Technologies uncovers corruption in internal probe
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[September 12, 2014]
By Gerry Shih
BEIJING (Reuters) - Huawei
Technologies Co Ltd, China's largest telecom equipment
maker, found four employees in violation of the
company's policies on corruption as part of an internal
inspection, a source familiar with the matter said.
In response to the findings, Huawei has held discussions with
employees on what constitutes graft and affirmed the company's
zero-tolerance on bribery, the source said, declining to be
identified because he was not authorized to speak about the matter
to the media.
The internal probe coincides with a government crackdown on
corporate misbehaviour within both foreign and domestic firms. Chief
Executive Ken Hu told the Financial Times on Thursday that graft
inspections were done every year and "nothing new," adding that it
only attracted media attention this year.
Huawei has declined to address the exact nature of the cases. Local
financial news outlet Caixin, which first reported the inspection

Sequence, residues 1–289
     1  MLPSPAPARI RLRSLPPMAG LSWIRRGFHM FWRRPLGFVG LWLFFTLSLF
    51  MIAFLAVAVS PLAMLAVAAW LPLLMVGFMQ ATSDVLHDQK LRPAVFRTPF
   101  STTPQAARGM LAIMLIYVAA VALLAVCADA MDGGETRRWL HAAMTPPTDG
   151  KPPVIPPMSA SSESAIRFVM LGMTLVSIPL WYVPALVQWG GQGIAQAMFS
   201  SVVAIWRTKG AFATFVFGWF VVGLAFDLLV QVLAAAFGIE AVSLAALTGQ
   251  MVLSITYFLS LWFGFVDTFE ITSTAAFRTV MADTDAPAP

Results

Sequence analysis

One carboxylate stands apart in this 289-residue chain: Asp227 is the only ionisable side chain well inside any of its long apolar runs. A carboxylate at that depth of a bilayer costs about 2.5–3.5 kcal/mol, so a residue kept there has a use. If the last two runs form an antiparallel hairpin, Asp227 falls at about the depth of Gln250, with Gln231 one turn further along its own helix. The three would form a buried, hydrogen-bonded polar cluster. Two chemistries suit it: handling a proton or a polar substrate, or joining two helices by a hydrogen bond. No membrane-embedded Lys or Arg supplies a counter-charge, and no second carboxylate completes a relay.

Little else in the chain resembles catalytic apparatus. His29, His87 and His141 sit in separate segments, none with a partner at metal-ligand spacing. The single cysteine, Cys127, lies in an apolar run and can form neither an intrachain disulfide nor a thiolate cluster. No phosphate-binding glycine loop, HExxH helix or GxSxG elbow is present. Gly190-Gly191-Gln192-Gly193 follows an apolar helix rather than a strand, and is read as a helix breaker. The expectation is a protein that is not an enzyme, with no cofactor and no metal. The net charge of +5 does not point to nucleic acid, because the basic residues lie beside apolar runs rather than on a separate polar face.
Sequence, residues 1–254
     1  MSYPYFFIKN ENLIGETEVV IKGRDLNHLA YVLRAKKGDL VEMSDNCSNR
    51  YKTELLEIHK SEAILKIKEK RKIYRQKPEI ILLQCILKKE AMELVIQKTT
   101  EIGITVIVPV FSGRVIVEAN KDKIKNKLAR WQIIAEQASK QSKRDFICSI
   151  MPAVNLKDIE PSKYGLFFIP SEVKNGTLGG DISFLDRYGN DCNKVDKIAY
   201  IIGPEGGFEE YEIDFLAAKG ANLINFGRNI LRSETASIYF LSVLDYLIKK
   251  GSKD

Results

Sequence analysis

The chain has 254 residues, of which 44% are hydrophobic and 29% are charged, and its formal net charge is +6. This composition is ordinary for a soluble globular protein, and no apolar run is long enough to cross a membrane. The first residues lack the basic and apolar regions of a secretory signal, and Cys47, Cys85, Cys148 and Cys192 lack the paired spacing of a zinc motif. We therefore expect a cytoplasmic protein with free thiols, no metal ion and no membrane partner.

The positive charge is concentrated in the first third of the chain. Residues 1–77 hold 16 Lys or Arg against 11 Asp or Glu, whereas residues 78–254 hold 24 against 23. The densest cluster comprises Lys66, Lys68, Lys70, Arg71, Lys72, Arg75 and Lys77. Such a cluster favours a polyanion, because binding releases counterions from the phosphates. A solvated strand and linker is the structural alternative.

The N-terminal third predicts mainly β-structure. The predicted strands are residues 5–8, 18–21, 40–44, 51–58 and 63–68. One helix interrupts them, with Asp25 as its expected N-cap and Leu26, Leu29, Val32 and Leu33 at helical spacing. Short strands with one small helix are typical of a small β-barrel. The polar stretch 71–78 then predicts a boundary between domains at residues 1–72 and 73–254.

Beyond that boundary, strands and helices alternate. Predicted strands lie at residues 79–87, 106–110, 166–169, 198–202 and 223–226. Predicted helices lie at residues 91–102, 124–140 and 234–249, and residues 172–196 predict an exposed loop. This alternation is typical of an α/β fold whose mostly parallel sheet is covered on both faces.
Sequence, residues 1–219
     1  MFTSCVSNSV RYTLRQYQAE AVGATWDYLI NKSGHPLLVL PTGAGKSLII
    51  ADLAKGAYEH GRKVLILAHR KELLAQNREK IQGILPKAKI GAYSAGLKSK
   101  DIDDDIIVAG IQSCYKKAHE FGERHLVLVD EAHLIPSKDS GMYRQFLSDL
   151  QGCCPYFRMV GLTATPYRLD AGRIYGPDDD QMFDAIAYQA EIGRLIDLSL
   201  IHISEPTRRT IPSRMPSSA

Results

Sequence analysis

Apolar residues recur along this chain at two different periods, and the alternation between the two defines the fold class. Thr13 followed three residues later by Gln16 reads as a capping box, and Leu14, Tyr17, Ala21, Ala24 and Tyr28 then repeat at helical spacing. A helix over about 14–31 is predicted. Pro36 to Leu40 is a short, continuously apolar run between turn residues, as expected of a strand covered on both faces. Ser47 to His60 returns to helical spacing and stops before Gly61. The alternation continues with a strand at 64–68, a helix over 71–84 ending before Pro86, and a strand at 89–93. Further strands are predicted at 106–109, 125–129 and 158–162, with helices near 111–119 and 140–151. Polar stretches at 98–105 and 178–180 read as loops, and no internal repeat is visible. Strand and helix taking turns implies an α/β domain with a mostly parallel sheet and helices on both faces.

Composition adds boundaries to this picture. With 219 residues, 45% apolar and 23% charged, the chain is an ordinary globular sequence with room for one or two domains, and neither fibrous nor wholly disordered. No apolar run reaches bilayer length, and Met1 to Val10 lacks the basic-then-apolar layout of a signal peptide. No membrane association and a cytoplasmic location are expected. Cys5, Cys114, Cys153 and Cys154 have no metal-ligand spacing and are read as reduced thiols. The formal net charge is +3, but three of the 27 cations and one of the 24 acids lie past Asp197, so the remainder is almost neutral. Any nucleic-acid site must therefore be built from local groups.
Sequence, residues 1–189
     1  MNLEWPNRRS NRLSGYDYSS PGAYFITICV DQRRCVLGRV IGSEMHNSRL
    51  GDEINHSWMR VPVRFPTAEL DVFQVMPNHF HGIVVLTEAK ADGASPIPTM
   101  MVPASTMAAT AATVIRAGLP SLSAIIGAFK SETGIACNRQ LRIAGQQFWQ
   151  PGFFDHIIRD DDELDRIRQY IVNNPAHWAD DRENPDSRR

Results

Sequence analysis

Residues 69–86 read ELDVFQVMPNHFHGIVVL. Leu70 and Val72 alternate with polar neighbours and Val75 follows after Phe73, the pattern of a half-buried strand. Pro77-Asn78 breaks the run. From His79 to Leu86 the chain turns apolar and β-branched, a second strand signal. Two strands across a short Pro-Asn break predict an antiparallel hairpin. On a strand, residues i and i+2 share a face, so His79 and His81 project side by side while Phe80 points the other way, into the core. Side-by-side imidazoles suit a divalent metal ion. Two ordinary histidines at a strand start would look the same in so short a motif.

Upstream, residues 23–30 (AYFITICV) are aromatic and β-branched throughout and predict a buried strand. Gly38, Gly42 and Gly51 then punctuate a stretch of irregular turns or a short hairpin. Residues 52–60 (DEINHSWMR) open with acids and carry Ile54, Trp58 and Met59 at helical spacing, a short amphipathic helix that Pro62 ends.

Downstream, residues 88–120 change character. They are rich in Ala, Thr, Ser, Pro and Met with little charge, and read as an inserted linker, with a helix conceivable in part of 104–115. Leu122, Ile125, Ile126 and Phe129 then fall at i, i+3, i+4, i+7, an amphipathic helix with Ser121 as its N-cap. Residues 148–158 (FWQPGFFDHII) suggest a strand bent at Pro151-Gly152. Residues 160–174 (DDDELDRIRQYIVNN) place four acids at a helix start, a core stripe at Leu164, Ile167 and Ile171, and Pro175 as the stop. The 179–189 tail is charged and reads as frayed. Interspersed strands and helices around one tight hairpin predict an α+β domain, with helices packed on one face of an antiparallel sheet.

last week, said a total of 116 employees were implicated in
soliciting and accepting bribes from outside sales agents in
exchange for rebates.
"In the enterprise market, Huawei is firmly implementing an open,
transparent and stable channel policy, in order to pursue fairness
and justice in the market, and to fight firmly against any form of
employee practice that fails to meet the standards we set for
ourselves," Huawei said in a statement this week.
Despite Huawei's leadership vowing for years to tackle corruption
within the ranks, the company has been trailed by allegations of
bribery particularly in emerging markets where it has enjoyed robust
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In the past year, Huawei has been investigated in Uganda and
Zimbabwe over how it won telecom contracts. In 2012, executives from
Huawei and Chinese rival ZTE Corp, were sentenced by an Algerian
court to 10 years in prison on bribery charges.
In the meantime, Huawei has pledged greater transparency in its
technology to address concerns about potential espionage. The
company has offered to give security-cleared officials in the United
Kingdom and Australia complete access to its software source code
and hardware equipment.
(Editing by Ryan Woo)
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